every sex Worker is a human rights defender When our governments are campaigning for our votes they say “vote for us and we will deliver
“. We have voted but our governments have not delivered. We try to raise our voices about human rights violations that we face on a daily basis, no one listens. Once we have voted they forget us. From our government we need law reform and the decriminalisation of sex work so that we have the spaces to access our rights. We demand rights and not rescue.
As 153 sex workers from 10 African countries: South Africa, Senegal, Zambia, Zimbabwe, Botswana, Malawi, Uganda, Kenya, Namibia and Nigeria. Today we demand our governments to honour their agreement that every citizen has human rights, and give us the rights that we are entitled to as human beings. Your citizens are speaking, you have a duty to listen and act.
Today is the first day of the African Sex Worker Conference, which will end on Thursday. Today was a milestone in our fight for our basic human rights. Sex workers from different African countries were able to come together and speak to each other. We saw our commonalities and differences that we face doing our work. Yes – sex work is work and it is time that every one started to recognise that sex work is work.
Many participants spoke about the serious situation in Zimbabwe commenting that neighbouring countries take advantage of Zimbabweans. We, as sex workers, in other countries join the call for an end to the suffering of Zimbabweans.
The purpose of this conference is to come together and give sex workers a platform to their experiences and voices in support of each other. The challenge that we face as 153 participants from different countries are almost similar. Many of us face violence and discrimination on a regular basis. Regardless of which country we are from many of us have experienced being raped, Verbally, emotional and physical abuse from police, clients and community members. There is unfair discrimination from service providers. Sex workers are not protected or defended by the law when they are exploited and abused. We demand that these violations stop immediately and decisive action is taken against perpetrators.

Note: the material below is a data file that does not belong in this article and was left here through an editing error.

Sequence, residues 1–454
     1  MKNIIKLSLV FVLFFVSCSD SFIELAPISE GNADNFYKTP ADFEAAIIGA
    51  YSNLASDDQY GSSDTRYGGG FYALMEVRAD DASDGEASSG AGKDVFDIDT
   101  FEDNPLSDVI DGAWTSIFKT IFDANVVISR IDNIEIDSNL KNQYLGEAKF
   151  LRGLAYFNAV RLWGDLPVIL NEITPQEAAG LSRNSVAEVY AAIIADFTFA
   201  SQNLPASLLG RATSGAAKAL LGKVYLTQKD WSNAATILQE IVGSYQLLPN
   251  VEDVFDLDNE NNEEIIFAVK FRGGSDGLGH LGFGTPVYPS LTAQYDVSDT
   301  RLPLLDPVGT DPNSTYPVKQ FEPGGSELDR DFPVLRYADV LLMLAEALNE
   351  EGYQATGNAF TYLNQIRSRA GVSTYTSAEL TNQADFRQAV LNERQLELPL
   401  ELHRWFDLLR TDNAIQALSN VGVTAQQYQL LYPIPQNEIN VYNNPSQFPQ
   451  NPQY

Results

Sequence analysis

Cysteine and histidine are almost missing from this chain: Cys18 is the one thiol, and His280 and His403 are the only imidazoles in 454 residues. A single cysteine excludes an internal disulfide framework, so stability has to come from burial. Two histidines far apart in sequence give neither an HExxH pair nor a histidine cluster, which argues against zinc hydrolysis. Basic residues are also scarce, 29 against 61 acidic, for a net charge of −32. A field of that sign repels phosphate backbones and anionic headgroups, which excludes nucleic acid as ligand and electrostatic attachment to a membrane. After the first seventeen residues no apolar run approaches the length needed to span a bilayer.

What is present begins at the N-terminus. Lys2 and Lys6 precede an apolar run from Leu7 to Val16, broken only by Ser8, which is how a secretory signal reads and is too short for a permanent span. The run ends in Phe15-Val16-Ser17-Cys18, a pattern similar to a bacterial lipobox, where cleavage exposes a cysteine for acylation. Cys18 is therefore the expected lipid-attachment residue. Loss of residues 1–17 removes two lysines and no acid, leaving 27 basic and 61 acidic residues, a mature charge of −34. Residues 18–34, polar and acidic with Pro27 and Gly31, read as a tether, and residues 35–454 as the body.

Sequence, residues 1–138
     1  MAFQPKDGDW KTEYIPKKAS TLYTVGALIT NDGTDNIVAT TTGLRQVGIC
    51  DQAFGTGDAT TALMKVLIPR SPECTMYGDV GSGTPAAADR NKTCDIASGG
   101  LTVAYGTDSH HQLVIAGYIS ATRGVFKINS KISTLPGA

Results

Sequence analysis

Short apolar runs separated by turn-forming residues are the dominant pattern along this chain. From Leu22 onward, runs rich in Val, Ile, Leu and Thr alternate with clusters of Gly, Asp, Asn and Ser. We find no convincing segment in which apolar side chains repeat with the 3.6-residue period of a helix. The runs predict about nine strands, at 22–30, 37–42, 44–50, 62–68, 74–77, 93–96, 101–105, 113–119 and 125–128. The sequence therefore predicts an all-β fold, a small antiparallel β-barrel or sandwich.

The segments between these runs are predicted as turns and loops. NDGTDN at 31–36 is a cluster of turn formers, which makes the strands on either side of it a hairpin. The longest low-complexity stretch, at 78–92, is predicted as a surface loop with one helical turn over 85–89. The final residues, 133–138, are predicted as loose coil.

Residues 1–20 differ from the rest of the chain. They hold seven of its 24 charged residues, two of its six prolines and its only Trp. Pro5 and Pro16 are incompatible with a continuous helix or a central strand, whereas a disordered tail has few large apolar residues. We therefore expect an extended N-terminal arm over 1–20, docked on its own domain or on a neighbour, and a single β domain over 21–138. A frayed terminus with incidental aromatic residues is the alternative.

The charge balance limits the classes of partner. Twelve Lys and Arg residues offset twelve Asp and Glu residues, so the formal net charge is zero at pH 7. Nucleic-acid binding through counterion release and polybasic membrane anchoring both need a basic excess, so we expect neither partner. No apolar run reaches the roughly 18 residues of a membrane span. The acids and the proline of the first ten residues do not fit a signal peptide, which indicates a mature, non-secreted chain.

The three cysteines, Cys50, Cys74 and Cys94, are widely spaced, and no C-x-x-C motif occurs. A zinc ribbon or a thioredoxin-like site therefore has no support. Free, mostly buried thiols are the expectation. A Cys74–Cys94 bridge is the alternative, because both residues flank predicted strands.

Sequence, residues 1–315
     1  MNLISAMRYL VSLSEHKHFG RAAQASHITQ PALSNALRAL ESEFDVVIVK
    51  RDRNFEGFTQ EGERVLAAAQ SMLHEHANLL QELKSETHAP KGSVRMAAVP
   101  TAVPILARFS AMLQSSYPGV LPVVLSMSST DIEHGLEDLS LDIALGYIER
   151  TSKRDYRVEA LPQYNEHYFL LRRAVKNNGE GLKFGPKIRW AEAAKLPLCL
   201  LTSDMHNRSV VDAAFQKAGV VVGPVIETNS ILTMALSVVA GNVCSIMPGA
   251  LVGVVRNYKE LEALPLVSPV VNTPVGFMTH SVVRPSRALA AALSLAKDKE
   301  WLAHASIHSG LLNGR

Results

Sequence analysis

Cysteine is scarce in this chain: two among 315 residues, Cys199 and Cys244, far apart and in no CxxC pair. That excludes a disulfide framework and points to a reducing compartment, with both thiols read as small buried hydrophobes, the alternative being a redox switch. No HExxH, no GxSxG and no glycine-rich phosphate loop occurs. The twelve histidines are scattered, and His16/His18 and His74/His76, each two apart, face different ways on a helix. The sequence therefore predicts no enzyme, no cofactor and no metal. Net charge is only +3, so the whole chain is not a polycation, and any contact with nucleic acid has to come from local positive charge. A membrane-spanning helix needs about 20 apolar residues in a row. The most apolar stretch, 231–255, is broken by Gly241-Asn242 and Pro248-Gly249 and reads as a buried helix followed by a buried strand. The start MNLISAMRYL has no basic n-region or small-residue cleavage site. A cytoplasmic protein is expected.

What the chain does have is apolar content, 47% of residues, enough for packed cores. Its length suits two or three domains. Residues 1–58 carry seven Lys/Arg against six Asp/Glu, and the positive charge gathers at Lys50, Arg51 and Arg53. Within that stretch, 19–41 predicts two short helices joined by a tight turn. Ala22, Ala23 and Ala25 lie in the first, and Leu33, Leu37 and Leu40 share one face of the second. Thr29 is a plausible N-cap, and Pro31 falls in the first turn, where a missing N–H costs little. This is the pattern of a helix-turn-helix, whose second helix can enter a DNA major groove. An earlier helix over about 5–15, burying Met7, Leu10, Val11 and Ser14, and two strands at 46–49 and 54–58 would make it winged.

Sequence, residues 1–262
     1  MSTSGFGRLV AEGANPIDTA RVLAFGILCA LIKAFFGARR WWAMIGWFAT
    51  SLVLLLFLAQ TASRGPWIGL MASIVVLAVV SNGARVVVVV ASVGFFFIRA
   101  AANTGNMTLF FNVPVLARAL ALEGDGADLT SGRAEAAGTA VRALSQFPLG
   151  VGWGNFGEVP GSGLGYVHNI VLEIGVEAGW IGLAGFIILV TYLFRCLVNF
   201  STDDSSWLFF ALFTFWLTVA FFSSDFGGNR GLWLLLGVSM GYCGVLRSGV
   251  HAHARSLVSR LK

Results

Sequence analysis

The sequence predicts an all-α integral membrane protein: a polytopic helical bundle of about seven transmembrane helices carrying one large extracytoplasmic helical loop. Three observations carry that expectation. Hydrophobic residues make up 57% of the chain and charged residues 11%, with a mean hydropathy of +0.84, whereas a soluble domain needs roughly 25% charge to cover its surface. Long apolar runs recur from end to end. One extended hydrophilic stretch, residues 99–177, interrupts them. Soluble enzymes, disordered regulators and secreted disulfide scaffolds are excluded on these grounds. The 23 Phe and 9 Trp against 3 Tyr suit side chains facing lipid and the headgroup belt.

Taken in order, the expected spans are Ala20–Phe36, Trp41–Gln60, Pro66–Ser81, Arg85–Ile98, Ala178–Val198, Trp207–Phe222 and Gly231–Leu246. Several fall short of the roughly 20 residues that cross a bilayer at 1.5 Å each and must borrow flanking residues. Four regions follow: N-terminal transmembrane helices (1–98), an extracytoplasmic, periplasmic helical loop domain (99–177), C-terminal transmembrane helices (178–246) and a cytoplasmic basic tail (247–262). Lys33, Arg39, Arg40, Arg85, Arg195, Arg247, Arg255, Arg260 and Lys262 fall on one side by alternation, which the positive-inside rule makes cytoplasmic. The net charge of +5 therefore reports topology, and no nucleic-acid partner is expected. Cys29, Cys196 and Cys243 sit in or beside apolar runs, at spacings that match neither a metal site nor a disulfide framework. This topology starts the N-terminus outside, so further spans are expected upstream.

From this alliance we would like to see more work within and across organizations all over the continent. Put your stigma, discrimination and judgments aside. Let us work together to ensure that all Africans live equally and freely as human beings.
(This statement was delivered to the press by a delegation of female and male sex workers representing a cross section of African countries. It was an historic moment).
We, over 150 participants including sex workers and representatives from national and international Non-Governmental Organizations, Development Agencies, and activists from more than 11 countries, having met at the 1st African Sex Worker Conference in Johannesburg, South Africa from 3 – 5 February 2009, note:
There are different political, economic and legal realities in different countries and that these translate into unique experiences for sex workers, however there are common experiences and human rights violations that are shared by sex workers in Africa, including: